The Good News about Faith-based Weight Loss in Louisiana

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According to a study being presented today at the Society of Behavioral Medicine’s Annual Meeting & Scientific Sessions, when it comes to body fat loss, the more church members text, the better.

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Delivering weight-loss text messages to African Americans in a faith-based setting proved not only feasible, but the messages were well-received.

Specific and near-daily text messages about weight loss and group sessions helped African-American church members lose more weight than general health-related texts without coaching, a new report from Louisiana State University (LSU) Pennington Biomedical Research Center shows.

Church members who received five text messages each week combined with 10 community health coach-led behavioral weight-loss sessions at local churches (the Immediate Intervention Group) lost an average of 3 pounds over the six-month study. Those who received general health text messages and no coaching (the Delayed Intervention Group) saw their weight remain stable.

The Immediate Intervention Group received texts like “Remember, sugar has many names such as corn syrup, high fructose corn syrup, agave nectar, and honey.” The Delayed Intervention Group received texts like “Strokes in the African American tend to occur earlier in life.” More than 80 percent of participants in the Intervention group said the text messages helped them with their weight-loss efforts, Newton said. Furthermore, the study also found that the more Intervention group participants responded to the automated text messages, the more body fat they lost.

The findings were part of the Lifestyle Changes Through Exercise and Nutrition, or LEAN, study by lead investigator Robert L. Newton Jr., PhD. Newton is an associate professor at Pennington Biomedical and heads the Physical Activity & Ethnic Minority Health Laboratory. He will present his findings at a poster session at 6:15 p.m. Friday, April 13, at the Society of Behavioral Medicine’s 2018 Annual Meeting in New Orleans.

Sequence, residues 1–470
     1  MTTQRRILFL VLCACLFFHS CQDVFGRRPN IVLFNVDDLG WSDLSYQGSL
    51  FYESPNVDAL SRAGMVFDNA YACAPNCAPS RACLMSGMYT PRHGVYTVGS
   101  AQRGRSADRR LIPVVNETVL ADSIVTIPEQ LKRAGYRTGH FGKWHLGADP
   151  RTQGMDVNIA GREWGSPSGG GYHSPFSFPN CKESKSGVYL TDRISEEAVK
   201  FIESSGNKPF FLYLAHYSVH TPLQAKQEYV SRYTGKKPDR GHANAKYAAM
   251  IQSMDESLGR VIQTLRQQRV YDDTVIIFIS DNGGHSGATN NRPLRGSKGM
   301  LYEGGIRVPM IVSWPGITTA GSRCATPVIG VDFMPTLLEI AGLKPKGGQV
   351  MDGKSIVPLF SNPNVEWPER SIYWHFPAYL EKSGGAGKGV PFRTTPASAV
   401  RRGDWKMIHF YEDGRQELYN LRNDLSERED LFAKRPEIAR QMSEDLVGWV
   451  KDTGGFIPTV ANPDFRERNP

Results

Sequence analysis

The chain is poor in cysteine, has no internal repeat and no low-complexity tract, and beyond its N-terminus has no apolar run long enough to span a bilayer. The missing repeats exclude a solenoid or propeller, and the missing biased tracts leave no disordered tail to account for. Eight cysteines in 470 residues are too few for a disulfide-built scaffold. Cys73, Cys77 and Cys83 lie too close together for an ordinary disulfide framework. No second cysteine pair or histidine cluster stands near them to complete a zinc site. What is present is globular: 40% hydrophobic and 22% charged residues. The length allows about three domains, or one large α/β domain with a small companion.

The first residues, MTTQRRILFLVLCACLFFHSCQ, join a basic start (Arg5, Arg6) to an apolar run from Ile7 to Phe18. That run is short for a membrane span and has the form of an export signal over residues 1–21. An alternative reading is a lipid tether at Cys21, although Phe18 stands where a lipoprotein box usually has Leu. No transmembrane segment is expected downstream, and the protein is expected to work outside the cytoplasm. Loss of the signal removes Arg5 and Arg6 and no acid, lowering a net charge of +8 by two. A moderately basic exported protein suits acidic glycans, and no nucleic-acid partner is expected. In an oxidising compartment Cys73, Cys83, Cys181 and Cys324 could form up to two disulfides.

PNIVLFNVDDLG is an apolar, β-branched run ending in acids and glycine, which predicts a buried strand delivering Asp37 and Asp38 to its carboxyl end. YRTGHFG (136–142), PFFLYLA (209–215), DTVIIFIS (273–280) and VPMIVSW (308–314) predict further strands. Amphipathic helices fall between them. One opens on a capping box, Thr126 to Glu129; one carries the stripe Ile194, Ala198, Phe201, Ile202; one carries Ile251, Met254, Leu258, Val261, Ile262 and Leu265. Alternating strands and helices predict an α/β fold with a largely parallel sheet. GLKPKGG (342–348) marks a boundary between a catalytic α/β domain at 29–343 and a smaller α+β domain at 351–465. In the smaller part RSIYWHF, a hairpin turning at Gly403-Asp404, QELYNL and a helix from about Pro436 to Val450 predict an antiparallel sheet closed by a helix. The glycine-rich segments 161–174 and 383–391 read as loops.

“Church-based weight-loss programs have been shown to result in significant weight loss and improved physiological parameters in African-American adults,” Newton said. “However, few of those programs have taken advantage of mobile health technologies.”

The co-authors of the study were Leah Carter, M.Ed., formerly a research specialist in Pennington Biomedical’s Physical Activity and Ethnic Minority Health Department; William Johnson, Ph.D., a professor in Pennington Biomedical’s Biostatistics Department; Sandra Larrivee, M.S., formerly a biostatistician in Pennington Biomedical’s Biostatistics Department; Betty M. Kennedy, Ph.D., a community outreach specialist in Pennington Biomedical’s Physical Activity Epidemiology Department; and Melissa Harris, MPA, a project manager in Pennington Biomedical’s Interventional Resources Department.

The LEAN study was designed to assess the viability and efficacy of a church-based weight-loss intervention that incorporated text messaging. A total of 97 people, who belonged to eight different churches, participated in the study. Intervention group sessions were led by church members (called “community health coaches”) who were trained to deliver the weight loss program adapted from the Diabetes Prevention Program.

“Delivering weight-loss text messages to African Americans in a faith-based setting proved not only feasible, but the messages were well-received,” Newton said.

Mobile apps, physical-activity monitoring devices, Bluetooth weight scales and other mobile health technology could provide more comprehensive interventions in the future, he said. Those technologies could also reduce the burden on community health coaches and participants.

The study was funded by the Humana Foundation. The authors report no financial or other conflicts of interests.

The Society of Behavioral Medicine (SBM) is a 2,400-member organization of scientific researchers, clinicians and educators. They study interactions among behavior, biology and the environment, and translate findings into interventions that improve the health and well-being of individuals, families and communities (

This study will be presented during the SBM 2018 Annual Meeting & Scientific Sessions, held April 11-14 in New Orleans. However, it does not reflect the policies or the opinion of SBM. This presentation will be held on April 13. Given that this study was presented at a scientific meeting, the data and conclusions reached should be regarded as preliminary until they are published in a peer-reviewed journal. Funding agencies played no role in this study. There are no conflicts of interest for the investigators.

About the Pennington Biomedical Research Center
The Pennington Biomedical Research Center is at the forefront of medical discovery as it relates to understanding the triggers of obesity, diabetes, cardiovascular disease, cancer and dementia. It is a campus of Louisiana State University and conducts basic, clinical and population research. The research enterprise at Pennington Biomedical includes approximately 57 faculty and more than 18 post-doctoral fellows who comprise a network of 40 laboratories supported by lab technicians, nurses, dietitians, and support personnel, and 13 highly specialized core service facilities. Pennington Biomedical’s more than 450 employees perform research activities in state-of-the-art facilities on the 222-acre campus located in Baton Rouge, Louisiana. For more information, see

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Lindsay Bullock
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